Delaware has relaxed some of its marijuana laws.
Were not to the point of four states and the District of Columbia, which have legalized recreational pot use. But, like nearly half the states in our country, Delaware is taking a pragmatic approach to cannabis.
The federal government, on the other hand, has not budged when it comes to decriminalizing marijuana.
And thats a problem for medical marijuana patients in Delaware. Quite simply, no matter what state lawmakers do to make marijuana available to those who desperately need its pain-relieving qualities, the threat of federal intervention and punishment looms constantly.
The same cannot be said for alcohol, which causes some 88,000 deaths a year in the United States, according to the National Institute for Alcohol Abuse and Alcoholism.
Fatalities due to marijuana use are more difficult to discern. Overdose deaths are unheard of. States that have legalized recreational marijuana have seen a spike in fatal accidents in which drivers test positive for pot. But its not entirely clear if marijuana impaired the driver and led to the crash.
According to a fascinating Scientific American piece by David Downs, the federal governments strict approach to marijuana is based not on science, but on a history of racism and a research Catch-22. Federal agencies can’t study marijuanas pros and cons because they cant secure federal funding to do so.
In the meantime, some $18 million in federal tax dollars are spent every year just to eradicate pot plants. And the human toll is vast. According to FBI data, police in 2014 made some 700,000 marijuana arrests in the United States.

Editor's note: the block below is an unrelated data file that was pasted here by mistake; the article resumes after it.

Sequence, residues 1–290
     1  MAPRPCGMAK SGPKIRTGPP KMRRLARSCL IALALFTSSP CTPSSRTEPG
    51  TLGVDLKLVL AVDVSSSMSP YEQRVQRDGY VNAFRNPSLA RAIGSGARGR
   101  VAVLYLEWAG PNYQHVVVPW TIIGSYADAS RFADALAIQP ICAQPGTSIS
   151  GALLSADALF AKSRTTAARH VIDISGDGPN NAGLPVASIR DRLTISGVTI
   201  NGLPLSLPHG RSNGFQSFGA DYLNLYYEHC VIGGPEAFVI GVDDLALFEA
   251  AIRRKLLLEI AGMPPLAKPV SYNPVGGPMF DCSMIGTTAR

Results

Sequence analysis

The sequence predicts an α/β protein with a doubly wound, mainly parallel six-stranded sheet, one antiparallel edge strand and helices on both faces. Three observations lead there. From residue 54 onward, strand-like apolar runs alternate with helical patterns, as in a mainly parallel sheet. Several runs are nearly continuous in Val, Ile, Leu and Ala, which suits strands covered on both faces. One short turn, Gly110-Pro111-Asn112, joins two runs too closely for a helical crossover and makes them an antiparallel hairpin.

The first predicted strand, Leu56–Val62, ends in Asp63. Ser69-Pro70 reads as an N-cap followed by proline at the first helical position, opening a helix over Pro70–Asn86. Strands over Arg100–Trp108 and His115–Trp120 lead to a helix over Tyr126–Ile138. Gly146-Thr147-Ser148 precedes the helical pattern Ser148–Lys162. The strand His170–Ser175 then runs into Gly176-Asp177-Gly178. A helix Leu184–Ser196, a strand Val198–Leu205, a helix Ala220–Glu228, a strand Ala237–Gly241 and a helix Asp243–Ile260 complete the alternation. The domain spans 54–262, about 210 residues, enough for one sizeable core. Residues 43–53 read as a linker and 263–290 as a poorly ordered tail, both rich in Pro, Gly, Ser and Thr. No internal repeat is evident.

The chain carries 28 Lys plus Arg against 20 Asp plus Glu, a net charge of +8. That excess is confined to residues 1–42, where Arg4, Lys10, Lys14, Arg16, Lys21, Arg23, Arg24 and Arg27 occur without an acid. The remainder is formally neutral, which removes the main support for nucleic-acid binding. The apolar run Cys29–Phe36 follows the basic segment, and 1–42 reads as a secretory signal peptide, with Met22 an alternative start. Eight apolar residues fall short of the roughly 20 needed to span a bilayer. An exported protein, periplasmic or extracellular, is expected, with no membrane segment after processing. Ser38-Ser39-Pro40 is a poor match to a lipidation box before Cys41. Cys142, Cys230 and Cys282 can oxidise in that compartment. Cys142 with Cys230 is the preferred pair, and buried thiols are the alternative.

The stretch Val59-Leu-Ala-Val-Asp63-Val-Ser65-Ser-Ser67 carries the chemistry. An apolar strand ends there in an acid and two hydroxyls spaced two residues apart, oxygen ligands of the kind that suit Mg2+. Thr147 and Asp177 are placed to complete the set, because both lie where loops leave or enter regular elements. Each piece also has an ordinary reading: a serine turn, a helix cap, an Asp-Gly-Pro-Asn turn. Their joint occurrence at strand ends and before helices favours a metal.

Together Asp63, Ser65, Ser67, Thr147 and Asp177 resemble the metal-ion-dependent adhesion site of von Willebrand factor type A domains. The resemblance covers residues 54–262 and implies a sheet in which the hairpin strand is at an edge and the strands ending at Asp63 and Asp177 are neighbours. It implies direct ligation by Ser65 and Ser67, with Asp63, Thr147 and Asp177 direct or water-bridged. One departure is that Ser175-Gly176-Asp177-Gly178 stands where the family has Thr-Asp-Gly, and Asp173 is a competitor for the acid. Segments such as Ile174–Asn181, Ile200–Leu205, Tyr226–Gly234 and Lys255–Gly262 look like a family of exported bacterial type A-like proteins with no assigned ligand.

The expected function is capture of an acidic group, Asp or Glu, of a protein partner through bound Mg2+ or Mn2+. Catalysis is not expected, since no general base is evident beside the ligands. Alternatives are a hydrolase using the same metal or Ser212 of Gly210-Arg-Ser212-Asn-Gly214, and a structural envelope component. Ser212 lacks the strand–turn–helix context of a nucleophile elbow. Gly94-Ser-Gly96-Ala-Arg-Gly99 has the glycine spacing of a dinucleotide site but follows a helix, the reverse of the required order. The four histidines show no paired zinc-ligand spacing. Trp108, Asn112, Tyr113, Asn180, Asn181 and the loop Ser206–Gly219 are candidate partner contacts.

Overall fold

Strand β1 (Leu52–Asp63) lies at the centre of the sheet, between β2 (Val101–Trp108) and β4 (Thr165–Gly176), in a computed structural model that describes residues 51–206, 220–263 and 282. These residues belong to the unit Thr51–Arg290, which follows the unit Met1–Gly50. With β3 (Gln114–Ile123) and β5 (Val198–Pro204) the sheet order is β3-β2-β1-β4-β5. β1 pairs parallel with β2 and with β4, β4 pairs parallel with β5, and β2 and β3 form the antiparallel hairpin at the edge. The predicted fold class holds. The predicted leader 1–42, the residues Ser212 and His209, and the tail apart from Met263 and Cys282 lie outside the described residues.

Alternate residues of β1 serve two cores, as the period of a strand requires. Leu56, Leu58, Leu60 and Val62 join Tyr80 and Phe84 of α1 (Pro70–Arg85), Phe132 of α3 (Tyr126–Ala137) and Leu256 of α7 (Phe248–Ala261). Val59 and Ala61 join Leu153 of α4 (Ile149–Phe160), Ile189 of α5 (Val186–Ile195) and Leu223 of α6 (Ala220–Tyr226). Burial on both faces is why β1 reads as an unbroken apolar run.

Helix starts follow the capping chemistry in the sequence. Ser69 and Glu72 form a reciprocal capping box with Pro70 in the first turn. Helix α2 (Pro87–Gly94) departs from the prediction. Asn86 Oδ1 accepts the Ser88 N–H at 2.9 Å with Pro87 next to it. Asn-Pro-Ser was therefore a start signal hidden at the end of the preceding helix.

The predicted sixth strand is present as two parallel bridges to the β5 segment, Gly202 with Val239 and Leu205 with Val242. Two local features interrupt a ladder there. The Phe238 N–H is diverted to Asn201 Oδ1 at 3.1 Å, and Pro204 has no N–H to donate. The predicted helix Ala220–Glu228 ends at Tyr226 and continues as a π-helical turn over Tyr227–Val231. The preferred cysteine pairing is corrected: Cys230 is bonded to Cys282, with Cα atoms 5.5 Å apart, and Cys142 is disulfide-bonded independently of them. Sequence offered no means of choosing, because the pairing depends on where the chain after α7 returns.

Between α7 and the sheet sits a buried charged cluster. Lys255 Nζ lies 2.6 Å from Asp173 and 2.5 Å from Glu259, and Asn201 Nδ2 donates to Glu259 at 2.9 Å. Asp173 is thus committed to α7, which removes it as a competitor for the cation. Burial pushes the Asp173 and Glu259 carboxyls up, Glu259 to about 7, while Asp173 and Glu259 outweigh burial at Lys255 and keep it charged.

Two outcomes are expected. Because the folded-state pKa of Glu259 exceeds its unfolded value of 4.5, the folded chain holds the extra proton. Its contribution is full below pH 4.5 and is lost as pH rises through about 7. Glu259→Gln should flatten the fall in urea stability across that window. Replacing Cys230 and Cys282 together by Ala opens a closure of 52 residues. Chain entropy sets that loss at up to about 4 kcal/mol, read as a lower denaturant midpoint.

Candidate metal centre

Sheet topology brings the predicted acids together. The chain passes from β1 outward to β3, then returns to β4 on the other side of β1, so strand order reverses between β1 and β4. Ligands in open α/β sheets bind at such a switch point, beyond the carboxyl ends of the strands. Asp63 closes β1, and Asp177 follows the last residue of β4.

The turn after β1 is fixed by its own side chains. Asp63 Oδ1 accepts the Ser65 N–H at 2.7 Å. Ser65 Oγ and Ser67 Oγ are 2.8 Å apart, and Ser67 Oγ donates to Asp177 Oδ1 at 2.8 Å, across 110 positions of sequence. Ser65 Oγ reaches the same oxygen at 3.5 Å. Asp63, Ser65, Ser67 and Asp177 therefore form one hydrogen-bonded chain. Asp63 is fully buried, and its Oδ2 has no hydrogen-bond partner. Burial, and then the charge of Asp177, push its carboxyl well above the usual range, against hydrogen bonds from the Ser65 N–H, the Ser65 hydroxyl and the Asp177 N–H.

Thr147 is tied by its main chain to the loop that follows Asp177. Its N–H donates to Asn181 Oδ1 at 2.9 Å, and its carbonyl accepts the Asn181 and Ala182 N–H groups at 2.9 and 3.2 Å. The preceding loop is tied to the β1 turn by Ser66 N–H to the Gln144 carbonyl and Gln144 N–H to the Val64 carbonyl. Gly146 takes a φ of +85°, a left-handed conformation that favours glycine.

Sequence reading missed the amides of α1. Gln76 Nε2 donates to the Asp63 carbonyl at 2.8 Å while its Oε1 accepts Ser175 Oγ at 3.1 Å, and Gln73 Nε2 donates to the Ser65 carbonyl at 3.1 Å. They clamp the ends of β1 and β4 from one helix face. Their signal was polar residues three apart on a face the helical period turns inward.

Meanwhile, doctors across the country are seeing their patients benefit from cannabis every day.
Consider this from Downs:
A 2014 Medscape survey of roughly 1,500 doctors found 56 percent supported legalizing medical cannabis nationally, with 82 percent support among responding oncologists.
Those opinions mean little or nothing to the Drug Enforcement Administration, which last month refused to move marijuana out of the most restricted drug category.
According to NPR, DEA chief Chuck Rosenberg gave “enormous weight” to conclusions by the Food and Drug Administration that marijuana has “no currently accepted medical use in treatment in the United States.”
Federal officials say they are allowing researchers access to more marijuana so that they may develop what the feds would consider legitimate medical formulations.
In the meantime, though, hospitals have to tiptoe when dispensing cannabis for pain relief for fear of upsetting the feds. How does that help the thousands of patients for whom cannabis is a proven pain remedy?
We are by no means advocating a free-for-all when it comes to marijuana. It may not be as dangerous as alcohol or tobacco, but, like any other drug, it must be used responsibly.
Perhaps the federal government could more sensibly regulate such use instead of continuing to demonize it.